Posted by: Caroline | May 17, 2010

Sweets and Cartier by the Sea

We chose cheery Menton as our base for exploring the French Riviera. It’s a small city where palm trees rise in front of sunset-colored buildings…

… and miniature fruit trees adorn the terraces.

Menton’s streets offer you the chance to buy a Nutella-stuffed crepe…

… or to forget the crepe and buy the largest jar of Nutella known to man.

But Nutella in any form is a mere sweet. Macarons, on the other hand, are an art. I have tasted many other nations’ attempts at the crispy, airy cookie that softens into a rich icing center–but no one can craft it like the French.

Menton is gorgeously situated on the Mediterranean.

Typically the turquoise waves are gentle, but during our stay the water was ferocious, turning seaside cafes into sea-drenched ones.

Even the locals were awed!

Eventually it calmed down enough for us to get a closer look without getting soaked.

We used the Menton train station for day trips to Apricale, Nice, and Monaco.

The Monaco train station

Menton is only two train stops away from the kind-of-independent Principality of Monaco, famous for the Grand Prix race through its winding streets and its reputation as a tax haven for the world’s wealthiest. We arrived about a week before the race, expecting an atmosphere of excitement.

 Instead, we faced an unwelcoming gauntlet of scaffolding, making it almost impossible to cross the street or walk anywhere.

Before coming to Monaco, I imagined a classy, exclusive city full of Prada-clad millionaires driving through town in sleek sports cars on their way to the opera.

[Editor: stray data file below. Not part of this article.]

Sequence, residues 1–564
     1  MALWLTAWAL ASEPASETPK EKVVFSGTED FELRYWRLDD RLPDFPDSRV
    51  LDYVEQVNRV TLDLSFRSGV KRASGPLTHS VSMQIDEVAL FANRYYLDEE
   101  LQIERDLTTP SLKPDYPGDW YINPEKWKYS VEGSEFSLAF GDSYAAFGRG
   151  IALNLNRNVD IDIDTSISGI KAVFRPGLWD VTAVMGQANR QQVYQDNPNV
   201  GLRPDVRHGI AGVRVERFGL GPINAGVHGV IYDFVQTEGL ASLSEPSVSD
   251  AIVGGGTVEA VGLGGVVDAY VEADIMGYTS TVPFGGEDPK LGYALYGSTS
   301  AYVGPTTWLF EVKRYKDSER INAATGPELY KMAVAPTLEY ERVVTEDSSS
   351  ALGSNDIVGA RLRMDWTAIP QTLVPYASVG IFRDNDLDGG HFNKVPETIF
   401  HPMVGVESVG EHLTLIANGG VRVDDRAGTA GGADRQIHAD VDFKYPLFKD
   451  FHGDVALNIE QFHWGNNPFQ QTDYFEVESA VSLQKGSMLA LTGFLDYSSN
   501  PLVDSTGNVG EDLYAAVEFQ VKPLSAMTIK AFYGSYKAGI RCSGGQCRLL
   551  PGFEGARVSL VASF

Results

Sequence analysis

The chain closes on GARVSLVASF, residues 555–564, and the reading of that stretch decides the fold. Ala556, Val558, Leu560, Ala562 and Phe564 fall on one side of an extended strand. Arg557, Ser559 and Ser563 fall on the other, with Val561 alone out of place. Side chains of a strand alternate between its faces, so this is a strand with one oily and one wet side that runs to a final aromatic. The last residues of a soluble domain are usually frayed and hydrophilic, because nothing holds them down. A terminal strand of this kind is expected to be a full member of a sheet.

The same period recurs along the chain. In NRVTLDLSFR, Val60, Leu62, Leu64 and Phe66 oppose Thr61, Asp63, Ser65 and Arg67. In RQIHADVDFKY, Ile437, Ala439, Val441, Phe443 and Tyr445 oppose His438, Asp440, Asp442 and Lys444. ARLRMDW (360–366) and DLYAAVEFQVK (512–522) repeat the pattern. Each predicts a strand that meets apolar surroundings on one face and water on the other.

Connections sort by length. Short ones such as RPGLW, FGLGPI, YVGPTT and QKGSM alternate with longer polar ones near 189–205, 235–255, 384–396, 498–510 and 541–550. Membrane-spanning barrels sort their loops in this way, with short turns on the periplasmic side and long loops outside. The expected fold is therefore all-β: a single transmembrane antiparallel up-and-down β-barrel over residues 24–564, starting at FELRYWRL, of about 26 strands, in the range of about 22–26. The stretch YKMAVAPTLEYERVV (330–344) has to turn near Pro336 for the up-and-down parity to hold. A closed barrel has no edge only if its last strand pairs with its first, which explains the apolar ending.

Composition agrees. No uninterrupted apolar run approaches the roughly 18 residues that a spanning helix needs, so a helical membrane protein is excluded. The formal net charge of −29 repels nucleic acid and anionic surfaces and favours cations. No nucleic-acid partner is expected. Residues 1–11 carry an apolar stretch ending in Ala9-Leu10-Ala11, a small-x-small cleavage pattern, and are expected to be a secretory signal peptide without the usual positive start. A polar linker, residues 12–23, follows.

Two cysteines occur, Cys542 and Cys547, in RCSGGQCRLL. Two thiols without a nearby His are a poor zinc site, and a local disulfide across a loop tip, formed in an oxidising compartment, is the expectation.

This is not the way it is. Monaco is a good example that to become wealthy does not require good taste. The city-state serves more as a stage than a playground for the rich. The prominently-parked Rolls Royces are only for tourists to swoon over (and swoon they do!), and the atrocious multicolored poncho I saw on a Ferrari owner prove that a designer label is all that it takes for a piece of clothing to be desirable here. Where is all the classy, understated Chanel?

Tourists ogling expensive cars:

The harbor…

… perfect for parking enormous cruise ships full of adoring fans.

If I, a mere mortal, had deigned to enter this establishment, I’m sure I would have promptly been escorted outside.

Although the display of wealth was a bit too ostentatious, Monaco’s buildings–including the famous casino–are still regal.

The Hollywood actress Grace Kelly, from films like Rear Window and To Catch a Thief, was the dearly loved Princess of Monaco until her 1982 death. Her name is found all over Monaco.


  1. to become wealthy does not require good taste.

    so true. Once saw a Lamborghini in New York that had HappyFace floormats and the recessed headlights were covered with a piece of Plexi-glass that had been screwed into the car with Robertson screws. Broke my heart

  2. I had my first ever Macaron with you, Caroline. And my first Nutella filled crepe!

    The only reason I know anything about Monaco is because I just saw Iron Man II and part of it takes place at the Grand Prix. Hope you got to see Robert Downey Jr. while you were there!

  3. […] we’re junkies for a good old border crossing. Whether it’s stopping off in Monaco for a couple frustrating hours or crossing into Kosovo just because, border crossing excursions–even rather pointless […]

  4. […] For example, that’s how he found these fairy tale Italian villages and palm-tree laden Menton, France. […]

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